For all the political rigmarole about restricting visitors to the U.S. from countries such as Syria and Iran, a report from the Department of Homeland Security indicates that Canadians are the most likely visitors to remain in the U.S. after their visa expires.
Overall, 527,127 foreign visitors overstayed their visa in the 2015 fiscal year out of 44,928,381 total admitted visitors. This means that 1.17 percent of foreign visitors to the U.S. who entered without an immigrant visa overstayed in the U.S.
The worst culprits by far were Canada and Mexico, which combined for 145,178 total overstays, more than a quarter of those who didn’t leave the U.S. after visa expiration. The numbers in the report don’t even include land entries from both U.S. neighbors, meaning the actual numbers are probably much higher.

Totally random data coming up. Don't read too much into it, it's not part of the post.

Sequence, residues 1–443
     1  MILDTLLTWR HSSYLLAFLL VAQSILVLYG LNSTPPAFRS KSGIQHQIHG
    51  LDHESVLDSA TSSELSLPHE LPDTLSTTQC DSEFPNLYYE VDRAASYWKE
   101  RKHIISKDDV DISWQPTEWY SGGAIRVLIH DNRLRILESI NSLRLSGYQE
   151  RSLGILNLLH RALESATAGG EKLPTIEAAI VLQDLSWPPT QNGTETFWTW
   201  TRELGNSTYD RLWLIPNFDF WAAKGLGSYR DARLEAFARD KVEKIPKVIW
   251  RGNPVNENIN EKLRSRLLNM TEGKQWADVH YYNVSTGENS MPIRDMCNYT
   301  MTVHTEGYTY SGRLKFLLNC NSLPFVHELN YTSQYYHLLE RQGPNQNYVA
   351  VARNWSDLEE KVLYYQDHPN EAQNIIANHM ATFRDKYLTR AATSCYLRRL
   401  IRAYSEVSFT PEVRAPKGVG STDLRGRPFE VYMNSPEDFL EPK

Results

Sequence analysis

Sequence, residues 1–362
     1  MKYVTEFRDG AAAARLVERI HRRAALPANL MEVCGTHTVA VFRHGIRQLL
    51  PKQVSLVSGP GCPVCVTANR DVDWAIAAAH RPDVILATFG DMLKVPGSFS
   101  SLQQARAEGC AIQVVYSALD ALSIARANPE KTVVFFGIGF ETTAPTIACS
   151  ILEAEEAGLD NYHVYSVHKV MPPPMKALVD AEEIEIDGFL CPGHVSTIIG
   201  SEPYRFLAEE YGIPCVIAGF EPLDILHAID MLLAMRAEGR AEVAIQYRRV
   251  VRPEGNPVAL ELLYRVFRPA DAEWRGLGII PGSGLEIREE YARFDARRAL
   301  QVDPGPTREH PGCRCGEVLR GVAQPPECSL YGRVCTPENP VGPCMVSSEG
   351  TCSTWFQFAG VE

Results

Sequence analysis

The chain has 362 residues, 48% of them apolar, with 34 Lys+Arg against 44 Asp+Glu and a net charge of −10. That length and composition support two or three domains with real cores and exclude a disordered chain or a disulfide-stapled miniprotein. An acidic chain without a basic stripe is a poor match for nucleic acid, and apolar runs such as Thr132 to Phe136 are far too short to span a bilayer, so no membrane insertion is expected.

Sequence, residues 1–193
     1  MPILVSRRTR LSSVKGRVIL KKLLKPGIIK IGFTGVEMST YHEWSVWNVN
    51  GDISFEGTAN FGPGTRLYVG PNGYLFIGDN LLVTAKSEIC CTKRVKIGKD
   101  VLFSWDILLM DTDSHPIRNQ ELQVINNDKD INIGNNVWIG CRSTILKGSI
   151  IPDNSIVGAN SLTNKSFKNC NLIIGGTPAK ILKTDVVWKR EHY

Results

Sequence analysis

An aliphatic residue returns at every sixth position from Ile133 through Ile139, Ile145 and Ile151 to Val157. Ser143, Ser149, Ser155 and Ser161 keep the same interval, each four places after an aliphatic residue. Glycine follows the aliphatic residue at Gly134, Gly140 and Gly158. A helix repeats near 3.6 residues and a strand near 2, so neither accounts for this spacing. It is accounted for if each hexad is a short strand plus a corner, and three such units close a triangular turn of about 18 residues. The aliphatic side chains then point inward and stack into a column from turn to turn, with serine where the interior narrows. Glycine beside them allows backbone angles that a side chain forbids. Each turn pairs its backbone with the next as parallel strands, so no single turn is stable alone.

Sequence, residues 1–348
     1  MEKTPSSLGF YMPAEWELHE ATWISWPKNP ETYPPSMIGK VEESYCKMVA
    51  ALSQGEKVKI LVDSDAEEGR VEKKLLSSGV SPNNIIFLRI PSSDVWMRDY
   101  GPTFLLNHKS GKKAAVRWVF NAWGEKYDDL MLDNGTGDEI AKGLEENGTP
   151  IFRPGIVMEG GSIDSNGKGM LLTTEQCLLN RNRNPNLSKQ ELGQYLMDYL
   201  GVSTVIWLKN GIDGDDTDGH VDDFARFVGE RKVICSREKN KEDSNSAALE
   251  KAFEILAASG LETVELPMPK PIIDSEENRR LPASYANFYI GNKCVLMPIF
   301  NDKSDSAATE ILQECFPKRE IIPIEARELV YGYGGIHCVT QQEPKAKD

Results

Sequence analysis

The report indicates how difficult it is for Homeland Security to account for all foreign travelers who enter the U.S.
“The process of matching data to determine overstays has been extremely difficult, as the data collection processes for arrival and departure information are not the same,” writes Homeland Security. “The United States did not build its border, aviation, and immigration infrastructure with exit processing in mind. Despite these significant challenges, in recent years, the Department has made substantial improvements to enhance its capability to record arrivals and departures from the United States, detect overstays, and interdict threats.”
A look at the data shows that overstay percentages are misleading, because the countries with the highest rate of overstay have a tiny number of overall visitors.
Djibouti, for instance, had the highest overstay rate of any country with 27.67 percent of Djiboutians overstaying their visa. But only 96 total travelers overstayed.
Here’s a breakdown of the top ten countries.
|Country||Total FY2015 overstays|